Thank You, Partner: A History of Bridge in Ireland

Out of stock

SQ3998359 , , ,
  • "The author is very obviously passionate about a game that would send most of us to sleep but he manages to convey that passion in every story, anecdote and recollection the book contains. With stories about one woman who at 98 is still playing . . . and all sorts of love triangles/marital stories revolving around the card table, this book is certainly not just for bridge lovers but anybody interested in social history!" --Amazon.co.uk Reviews

Meet The Author

Seamus Dowling, a former president of both the Contract Bridge Association of Ireland (Republic) and Irish Bridge Union (All-Ireland), has won national championships and played in international competitions, as well as being an administrator, tournament director, teacher and journalist. A member of the International Bridge Press Association, he has written for several magazines and has won awards for his coverage of international bridge events for the Irish Times.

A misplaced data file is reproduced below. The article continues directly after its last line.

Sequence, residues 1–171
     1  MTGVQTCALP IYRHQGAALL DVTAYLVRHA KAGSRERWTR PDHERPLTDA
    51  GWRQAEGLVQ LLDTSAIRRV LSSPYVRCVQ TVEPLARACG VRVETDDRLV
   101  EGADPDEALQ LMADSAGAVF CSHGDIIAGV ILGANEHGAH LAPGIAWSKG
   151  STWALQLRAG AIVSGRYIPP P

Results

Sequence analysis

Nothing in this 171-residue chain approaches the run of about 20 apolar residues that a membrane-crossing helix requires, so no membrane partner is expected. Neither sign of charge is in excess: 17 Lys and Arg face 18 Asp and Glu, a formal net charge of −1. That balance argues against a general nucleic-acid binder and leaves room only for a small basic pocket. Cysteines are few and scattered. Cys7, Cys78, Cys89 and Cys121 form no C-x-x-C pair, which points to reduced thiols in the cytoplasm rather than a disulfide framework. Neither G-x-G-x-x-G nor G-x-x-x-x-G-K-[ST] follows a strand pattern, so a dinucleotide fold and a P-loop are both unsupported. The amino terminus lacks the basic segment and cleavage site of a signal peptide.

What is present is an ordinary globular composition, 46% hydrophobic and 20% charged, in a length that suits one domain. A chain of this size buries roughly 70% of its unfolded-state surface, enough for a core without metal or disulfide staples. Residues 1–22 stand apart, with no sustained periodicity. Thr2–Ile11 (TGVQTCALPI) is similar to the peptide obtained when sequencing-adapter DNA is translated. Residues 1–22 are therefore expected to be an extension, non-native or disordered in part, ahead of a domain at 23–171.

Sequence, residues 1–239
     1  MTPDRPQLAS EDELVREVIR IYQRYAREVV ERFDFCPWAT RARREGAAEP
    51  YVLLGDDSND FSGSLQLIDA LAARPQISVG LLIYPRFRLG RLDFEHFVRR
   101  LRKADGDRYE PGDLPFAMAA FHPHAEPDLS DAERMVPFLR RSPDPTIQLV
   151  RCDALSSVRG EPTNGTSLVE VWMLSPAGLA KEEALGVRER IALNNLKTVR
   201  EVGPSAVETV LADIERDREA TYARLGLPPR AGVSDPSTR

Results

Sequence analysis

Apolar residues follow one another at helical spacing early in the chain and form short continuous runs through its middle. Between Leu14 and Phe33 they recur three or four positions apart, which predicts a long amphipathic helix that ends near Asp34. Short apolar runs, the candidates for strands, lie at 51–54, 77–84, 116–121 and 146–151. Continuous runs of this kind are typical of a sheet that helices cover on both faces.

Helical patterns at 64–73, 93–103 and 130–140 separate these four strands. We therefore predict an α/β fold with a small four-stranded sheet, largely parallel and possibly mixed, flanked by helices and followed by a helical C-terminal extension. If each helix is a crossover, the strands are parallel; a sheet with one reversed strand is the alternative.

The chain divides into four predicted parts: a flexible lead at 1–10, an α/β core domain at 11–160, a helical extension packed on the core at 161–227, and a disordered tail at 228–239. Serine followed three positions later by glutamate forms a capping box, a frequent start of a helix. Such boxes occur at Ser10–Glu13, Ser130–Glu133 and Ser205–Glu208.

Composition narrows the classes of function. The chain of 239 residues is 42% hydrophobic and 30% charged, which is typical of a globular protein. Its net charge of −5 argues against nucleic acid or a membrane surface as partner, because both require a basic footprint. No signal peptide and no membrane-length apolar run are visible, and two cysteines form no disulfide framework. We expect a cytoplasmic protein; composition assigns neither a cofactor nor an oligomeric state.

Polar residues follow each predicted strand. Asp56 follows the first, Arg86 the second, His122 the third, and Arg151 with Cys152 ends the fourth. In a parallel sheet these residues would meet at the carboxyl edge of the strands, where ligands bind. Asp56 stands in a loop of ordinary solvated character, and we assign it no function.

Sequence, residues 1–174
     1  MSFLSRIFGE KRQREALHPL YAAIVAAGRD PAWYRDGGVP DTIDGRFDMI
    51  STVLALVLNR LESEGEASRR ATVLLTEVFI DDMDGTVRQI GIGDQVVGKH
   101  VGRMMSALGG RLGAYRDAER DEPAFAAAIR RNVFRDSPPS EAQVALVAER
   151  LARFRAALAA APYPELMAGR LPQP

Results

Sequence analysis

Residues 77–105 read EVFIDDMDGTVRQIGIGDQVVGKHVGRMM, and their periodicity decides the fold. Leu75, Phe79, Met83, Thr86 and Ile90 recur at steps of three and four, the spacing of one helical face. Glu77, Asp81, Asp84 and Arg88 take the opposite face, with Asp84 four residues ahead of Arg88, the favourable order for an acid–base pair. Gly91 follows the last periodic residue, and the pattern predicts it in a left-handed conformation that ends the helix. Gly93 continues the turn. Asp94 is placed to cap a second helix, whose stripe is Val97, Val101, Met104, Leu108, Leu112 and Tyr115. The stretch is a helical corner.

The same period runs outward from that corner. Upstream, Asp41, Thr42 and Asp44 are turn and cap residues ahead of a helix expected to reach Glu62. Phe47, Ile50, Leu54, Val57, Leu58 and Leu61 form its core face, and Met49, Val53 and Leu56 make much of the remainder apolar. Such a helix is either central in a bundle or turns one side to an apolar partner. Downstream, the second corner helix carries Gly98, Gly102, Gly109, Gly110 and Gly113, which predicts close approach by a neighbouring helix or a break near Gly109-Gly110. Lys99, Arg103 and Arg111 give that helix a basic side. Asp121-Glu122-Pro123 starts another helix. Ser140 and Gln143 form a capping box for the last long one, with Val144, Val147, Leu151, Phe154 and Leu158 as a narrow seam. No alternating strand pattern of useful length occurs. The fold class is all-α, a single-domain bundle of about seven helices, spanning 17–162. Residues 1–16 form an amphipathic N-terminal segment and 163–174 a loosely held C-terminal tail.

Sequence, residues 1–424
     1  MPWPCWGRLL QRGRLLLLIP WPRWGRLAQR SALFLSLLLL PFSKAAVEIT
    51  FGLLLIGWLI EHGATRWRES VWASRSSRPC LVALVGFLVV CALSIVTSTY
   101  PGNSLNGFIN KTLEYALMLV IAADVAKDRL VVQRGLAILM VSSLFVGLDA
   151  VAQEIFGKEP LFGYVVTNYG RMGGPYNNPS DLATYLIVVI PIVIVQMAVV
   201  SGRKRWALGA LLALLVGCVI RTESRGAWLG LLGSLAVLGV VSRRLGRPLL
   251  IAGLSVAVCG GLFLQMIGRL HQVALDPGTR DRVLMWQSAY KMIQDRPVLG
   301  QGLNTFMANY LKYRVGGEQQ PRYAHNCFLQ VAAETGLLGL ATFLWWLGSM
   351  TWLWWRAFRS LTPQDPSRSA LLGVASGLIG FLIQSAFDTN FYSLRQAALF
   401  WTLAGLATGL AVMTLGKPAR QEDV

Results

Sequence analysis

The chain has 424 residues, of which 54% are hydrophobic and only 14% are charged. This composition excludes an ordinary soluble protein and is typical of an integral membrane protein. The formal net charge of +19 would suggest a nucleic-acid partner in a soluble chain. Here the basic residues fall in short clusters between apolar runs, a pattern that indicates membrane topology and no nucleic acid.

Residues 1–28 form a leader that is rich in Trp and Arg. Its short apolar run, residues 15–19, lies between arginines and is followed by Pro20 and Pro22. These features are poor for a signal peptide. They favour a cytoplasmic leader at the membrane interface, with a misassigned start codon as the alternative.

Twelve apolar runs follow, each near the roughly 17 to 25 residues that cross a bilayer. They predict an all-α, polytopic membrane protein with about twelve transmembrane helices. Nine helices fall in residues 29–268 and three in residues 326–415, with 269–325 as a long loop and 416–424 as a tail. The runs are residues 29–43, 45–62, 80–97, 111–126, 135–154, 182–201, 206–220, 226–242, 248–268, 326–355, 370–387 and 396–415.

The first Irish bridge book and the product of ten years research, Thank You, Partner brings the reader up to March 2009. Official records and print have been trawled to trace the origins of the game, the changes which it underwent and the external influences which inspired the pioneers of the modern Irish game.

The game of bridge, introduced to Ireland as a drawing room pastime at the end of the 19th century, subsequently developed to become an international sport. Bridge clubs appeared during the 1920s, and in 1932 it became a nationally organised competitive game. Politics caused a rift in the 1950s and the Northern Ireland troubles of the 1970s cast their own shadows. Political figures have historically been involved with bridge, including participants in the 1916 Rising, such as Roddy Connolly, son of James Connolly.

Initially an activity for middle class professionals with a Protestant majority, following the conflicts of the early 1920s it was embraced by the wider population and became a unifying force. With a foreword by Colm Tóibín, this is a fascinating read for bridge aficionados and also those interested in social history.

Weight 0.675 kg